John D. Rockefeller – one of the wealthiest men who ever lived – once said that the only thing that gave him pleasure was to see his dividends coming in.
That’s a strong statement. But if Rockefeller meant it, he must have truly been the happiest man in the world. Rockefeller was the founder and majority of Standard Oil, which was the predecessor of both ExxonMobil and Chevron. And he insisted that 2/3 of the annual profits of the largest energy monopoly in history be paid out in dividends. That’s a lot of income rolling in every quarter.
For most investors, a dividend is simply a check that arrives in the mail every quarter (or more likely gets posted to their brokerage account). And to be sure, this is a nice perk. Getting a regular stream of income allows you to realize regular profits along the way without having to sell your stock. You can think of it as enjoying the milk from a cow without having to slaughter it for meat. Sure, steak might be tasty. But once it’s gone, it’s gone, whereas the milk can last a lifetime.
But dividends are about more than just income. They’re about being a better kind of company. Earnings can be manipulated. Even sales can be manipulated. But dividends have to be paid in actual cash. There’s no amount of dodgy accounting that can fake cold, hard cash.
Furthermore, knowing that cash has to be on hand to pay dividends forces management to be more disciplined. They are less likely to burn shareholder money on expensive vanity projects when they know they might need that cash to fund the dividend next quarter. They’re also less likely to dilute their shareholders with stock-based employee compensation or secondary stock offerings, as they’d have to pay dividends on any new shares created.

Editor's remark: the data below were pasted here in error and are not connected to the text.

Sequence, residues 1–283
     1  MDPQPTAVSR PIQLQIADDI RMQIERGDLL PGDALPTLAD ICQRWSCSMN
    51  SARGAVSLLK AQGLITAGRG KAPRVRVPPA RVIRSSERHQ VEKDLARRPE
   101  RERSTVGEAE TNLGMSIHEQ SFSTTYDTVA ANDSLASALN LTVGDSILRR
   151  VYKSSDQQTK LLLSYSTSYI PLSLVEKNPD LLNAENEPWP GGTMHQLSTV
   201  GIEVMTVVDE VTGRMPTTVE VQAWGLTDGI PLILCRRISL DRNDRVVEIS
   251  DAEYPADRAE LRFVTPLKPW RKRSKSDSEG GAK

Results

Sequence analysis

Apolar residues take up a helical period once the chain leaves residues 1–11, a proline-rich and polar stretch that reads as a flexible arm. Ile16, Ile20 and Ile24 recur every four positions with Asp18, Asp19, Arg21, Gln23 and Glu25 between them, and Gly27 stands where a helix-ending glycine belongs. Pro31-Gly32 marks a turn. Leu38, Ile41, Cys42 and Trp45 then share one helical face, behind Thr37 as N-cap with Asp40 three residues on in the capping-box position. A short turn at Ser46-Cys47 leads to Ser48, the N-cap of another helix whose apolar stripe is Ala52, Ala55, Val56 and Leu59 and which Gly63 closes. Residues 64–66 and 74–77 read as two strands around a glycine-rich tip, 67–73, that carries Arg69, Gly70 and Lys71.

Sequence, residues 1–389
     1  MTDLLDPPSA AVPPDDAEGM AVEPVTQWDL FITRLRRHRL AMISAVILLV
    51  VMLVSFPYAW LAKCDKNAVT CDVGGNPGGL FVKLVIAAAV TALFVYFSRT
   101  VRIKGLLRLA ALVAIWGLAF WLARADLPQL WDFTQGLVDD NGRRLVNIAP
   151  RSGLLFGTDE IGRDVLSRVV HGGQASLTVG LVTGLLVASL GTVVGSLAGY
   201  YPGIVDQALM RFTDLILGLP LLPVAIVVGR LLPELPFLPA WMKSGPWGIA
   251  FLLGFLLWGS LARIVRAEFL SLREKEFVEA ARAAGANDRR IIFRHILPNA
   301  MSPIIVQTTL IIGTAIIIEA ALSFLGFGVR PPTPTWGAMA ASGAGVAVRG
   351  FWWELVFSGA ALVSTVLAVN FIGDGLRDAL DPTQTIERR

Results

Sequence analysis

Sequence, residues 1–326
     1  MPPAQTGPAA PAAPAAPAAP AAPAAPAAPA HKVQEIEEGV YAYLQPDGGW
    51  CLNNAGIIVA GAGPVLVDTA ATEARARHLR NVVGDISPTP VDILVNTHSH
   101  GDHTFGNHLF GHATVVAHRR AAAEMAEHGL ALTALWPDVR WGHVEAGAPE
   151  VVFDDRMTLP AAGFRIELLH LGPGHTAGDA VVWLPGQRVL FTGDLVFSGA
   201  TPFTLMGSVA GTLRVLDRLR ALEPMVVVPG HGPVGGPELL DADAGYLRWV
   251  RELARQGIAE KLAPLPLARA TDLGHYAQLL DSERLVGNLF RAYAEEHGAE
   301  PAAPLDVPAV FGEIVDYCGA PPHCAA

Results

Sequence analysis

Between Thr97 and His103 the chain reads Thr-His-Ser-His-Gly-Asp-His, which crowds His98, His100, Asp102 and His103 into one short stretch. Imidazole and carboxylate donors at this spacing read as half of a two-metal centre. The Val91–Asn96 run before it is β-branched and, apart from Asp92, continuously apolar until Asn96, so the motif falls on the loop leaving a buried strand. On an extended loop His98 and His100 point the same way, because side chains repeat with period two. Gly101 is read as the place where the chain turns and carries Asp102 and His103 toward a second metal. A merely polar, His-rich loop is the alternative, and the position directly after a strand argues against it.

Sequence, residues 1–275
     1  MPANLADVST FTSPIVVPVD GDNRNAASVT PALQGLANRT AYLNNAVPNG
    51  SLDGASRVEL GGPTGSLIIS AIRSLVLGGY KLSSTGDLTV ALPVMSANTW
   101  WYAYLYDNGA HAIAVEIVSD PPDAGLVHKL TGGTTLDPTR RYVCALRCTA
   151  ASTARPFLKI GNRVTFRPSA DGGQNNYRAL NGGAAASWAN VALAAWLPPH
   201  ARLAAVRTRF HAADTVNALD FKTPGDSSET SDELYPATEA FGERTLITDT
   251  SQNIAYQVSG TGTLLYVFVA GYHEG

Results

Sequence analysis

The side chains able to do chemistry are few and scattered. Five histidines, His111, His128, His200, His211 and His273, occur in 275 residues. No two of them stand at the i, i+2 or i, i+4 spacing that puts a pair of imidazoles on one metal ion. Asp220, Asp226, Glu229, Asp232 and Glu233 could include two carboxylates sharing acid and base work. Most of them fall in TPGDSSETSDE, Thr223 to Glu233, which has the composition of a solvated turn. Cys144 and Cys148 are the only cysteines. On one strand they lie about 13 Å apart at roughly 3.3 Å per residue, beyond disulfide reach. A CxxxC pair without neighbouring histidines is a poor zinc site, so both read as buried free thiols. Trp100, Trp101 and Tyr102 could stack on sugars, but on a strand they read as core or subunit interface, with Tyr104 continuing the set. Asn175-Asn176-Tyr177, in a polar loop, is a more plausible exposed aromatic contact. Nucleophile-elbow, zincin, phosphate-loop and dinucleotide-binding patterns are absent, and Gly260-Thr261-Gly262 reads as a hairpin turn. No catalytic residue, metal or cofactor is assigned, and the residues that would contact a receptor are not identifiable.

Some might argue that initiating a dividend is an admission by management that the company’s best growth days are behind it. But as Sonia Joao, President of Houston-based RIA Robertson Wealth Management explains, “Paying a dividend doesn’t suggest slower growth ahead. If anything, it’s the exact opposite. Precisely because the company expects durable growth, they’re more willing to part with their cash.”
This isn’t just academic. Dividend-paying stocks have been proven to outperform their non-paying peers over time. Research Ned Davis Research showed that the equally weighted S&P 500 index enjoyed a compound annual growth rate of 7.70% over the 1972 to 2017 period. But breaking the index down gave very different results. The dividend payers collectively enjoyed returns of 9.25% per year, while the non-payers lagged with returns of just 2.61%.
Even better, stocks that initiated or grew their dividends fared best of all, enjoying compound annual returns of 10.07% per year.
So, not only do dividend stocks put a little change in your pocket every quarter. They also massively improve the performance of your portfolio.
Today, we’re going to take a look at 20 stocks that have initiated a dividend in recent years. As these are all new dividend payers, not all are exceptionally high yielders. But all have made a commitment to start rewarding their patient shareholders with a regular cash payout.